Listening sessions keep ag community in touch

ST. PAUL -- In uncertain times it is important to stay in touch with those who matter to you. That was the idea behind a recent series of listening sessions the Minnesota Department of Agriculture held the last few months.

ST. PAUL -- In uncertain times it is important to stay in touch with those who matter to you. That was the idea behind a recent series of listening sessions the Minnesota Department of Agriculture held the last few months.

From New Ulm to Willmar to Winona, and later Crookston, St. Cloud, Mankato and Worthington, we met with farmers, Main Street business operators and others with a stake in the state's agriculture and food sector. We heard about many issues specific to individual communities or regions. For example, in Crookston, we heard about concerns about the availability of diesel fuel for agricultural purposes. In Worthington, we heard about a desire for more processing infrastructure in support of the region's dairy producers. However, a number of consistent themes came through in all sessions.

First, we heard that while Minnesota has made progress in creating a more farmer-friendly business climate, there still is work to be done.

Farmers talked about the need at both the state and local levels for transparent, fair permitting processes that take into account the realities of 21st century farming. MDA's livestock development team has worked on these issues, and we will continue to do so. At a time when so many of our economic foundations have been shaken, we need to be mindful of the major role agriculture plays in our economy, and we need to treat this vital industry with the respect and fairness it deserves.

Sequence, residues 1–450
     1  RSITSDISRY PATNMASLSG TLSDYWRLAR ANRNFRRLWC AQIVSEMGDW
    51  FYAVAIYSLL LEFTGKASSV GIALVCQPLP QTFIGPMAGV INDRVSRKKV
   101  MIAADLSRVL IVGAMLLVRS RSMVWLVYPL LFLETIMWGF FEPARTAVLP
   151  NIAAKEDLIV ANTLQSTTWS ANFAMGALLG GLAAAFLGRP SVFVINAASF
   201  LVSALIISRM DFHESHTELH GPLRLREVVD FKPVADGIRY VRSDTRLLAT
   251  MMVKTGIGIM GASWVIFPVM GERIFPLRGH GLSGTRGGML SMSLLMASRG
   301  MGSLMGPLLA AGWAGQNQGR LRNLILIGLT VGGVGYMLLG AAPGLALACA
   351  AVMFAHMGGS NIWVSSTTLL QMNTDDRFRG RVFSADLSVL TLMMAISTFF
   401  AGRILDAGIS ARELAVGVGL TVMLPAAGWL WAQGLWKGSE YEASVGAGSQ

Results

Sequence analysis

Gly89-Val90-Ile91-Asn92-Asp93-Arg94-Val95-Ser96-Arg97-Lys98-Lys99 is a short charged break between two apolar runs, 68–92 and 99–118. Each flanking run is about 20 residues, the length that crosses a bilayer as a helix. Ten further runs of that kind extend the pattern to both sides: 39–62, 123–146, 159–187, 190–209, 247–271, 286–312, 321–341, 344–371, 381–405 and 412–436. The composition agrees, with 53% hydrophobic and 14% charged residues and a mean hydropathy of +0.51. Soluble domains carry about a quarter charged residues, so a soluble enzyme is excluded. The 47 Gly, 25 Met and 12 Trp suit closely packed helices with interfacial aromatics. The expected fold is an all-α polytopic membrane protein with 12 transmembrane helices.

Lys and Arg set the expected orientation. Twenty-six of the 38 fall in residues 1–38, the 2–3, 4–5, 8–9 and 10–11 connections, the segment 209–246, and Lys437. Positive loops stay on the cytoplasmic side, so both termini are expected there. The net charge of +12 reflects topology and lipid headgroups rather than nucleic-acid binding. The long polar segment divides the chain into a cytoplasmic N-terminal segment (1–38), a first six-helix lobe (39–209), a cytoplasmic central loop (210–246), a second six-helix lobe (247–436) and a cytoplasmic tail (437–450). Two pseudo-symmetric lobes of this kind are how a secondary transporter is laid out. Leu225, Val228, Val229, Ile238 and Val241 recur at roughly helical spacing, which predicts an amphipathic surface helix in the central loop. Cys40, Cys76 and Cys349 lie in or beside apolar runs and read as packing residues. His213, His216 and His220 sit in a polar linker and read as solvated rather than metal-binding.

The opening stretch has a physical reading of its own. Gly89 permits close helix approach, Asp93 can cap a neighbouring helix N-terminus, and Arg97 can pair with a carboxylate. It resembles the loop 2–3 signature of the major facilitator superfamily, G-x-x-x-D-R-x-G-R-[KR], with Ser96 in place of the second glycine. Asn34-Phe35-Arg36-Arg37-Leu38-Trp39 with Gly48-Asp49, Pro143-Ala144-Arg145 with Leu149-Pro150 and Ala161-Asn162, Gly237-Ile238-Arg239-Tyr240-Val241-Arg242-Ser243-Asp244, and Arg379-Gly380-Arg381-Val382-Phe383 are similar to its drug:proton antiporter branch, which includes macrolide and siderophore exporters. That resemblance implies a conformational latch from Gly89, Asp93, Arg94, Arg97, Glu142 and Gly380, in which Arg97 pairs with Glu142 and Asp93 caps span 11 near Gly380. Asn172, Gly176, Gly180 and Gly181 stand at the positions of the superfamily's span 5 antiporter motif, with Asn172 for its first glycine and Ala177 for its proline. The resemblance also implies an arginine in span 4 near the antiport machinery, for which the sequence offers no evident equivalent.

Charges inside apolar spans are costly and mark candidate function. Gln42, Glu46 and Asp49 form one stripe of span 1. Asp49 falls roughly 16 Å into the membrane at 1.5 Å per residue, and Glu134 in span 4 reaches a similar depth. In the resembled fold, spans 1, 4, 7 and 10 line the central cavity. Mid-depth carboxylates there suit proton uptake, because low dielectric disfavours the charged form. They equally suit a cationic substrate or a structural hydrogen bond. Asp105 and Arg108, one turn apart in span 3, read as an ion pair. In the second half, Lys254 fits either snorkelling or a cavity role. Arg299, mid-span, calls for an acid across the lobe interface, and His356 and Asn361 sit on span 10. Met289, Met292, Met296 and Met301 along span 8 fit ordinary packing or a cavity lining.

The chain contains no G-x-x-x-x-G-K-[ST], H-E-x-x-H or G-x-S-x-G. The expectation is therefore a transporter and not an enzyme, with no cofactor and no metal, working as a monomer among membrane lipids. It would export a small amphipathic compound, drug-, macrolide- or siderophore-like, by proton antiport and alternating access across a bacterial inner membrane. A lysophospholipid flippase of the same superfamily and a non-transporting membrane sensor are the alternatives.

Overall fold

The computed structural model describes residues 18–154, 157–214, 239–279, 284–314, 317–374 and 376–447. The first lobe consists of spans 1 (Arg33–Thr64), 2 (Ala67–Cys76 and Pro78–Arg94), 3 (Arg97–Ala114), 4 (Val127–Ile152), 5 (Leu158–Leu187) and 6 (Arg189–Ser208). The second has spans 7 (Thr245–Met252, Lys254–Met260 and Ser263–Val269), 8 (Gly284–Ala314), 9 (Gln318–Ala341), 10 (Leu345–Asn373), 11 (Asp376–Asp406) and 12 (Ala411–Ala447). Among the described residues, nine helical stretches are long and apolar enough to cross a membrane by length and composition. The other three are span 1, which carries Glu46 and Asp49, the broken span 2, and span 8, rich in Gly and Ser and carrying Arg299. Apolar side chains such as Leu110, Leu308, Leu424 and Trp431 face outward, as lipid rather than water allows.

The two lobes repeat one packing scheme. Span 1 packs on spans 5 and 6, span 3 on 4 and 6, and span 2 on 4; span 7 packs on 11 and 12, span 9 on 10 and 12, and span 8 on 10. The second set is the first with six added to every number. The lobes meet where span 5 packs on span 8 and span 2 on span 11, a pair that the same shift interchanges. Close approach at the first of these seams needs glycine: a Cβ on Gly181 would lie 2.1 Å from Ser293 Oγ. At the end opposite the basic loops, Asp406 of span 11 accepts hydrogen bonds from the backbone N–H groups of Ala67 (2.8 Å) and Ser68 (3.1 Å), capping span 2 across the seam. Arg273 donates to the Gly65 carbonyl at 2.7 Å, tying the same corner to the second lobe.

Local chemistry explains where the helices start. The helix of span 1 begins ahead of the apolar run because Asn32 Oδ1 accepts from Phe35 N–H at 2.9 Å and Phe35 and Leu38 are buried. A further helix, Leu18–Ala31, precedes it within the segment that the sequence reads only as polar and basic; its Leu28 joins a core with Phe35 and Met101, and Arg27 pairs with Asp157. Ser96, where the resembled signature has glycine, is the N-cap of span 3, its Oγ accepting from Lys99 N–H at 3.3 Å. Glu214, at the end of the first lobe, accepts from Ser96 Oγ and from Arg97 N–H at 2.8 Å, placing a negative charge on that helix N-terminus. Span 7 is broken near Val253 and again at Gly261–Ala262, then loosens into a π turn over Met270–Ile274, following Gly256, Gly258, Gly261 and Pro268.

Second, we heard 2008 has been good for some but not all parts of the agricultural economy. The high costs for fuel and other inputs held down profits in some cases. This is especially true for farmers who pre-purchased inputs when prices were high, thinking the trend would continue. There is a practical limit to how much impact a state agency like MDA can have on big-picture economic forces, but we can continue to work hard to make sure our market development programs produce meaningful results for various segments of our diversified agricultural economy. We may not have all our sectors thriving at the same time, but if we work hard to build long-term competitive ability in all sectors, we can have a healthy, diverse ag sector for years to come.


Third, given all that has happened in the nation's finance sector, it is no surprise that we heard concerns about the availability of credit.

Minnesota's agricultural lenders did not participate to the same extent in the sort of risky lending practices that led to our credit crisis, but this doesn't mean those lenders are immune from the effects of the problems elsewhere. The bottom line is that as farmers move into the winter number-crunching, there is great uncertainty and unease. MDA will be working to ensure Minnesota farmers have access to the credit they need, and we will be talking with St. Paul decision-makers to make sure they are aware of the ongoing needs of farmers and other small business operators in greater Minnesota.

MDA will continue to hold listening sessions into 2009 because I am convinced those of us in government need to be in close touch with the citizens we serve. I look forward to talking with more of you in the months to come.

-- Gene Hugoson

Editor's Note: Hugoson is Minnesota's agriculture commissioner.

Cattle industry seeing losses

BILLINGS, Mont. -- The U.S. International Trade Commission recently released a report that illustrates how exports of beef from the U.S. have been significantly depressed since 2003 as a result of the outbreak of bovine spongiform encephalopathy in Canada. Jay Truitt, formerly with the National Cattlemen's Beef Association, testified to this depressed state of exports at an ITC hearing on the matter in November 2007. He listed country after country that had reduced purchases of beef from the U.S. after the BSE scare. He also listed the billions of dollars lost by cattle producers since 2003 because of these lost exports markets.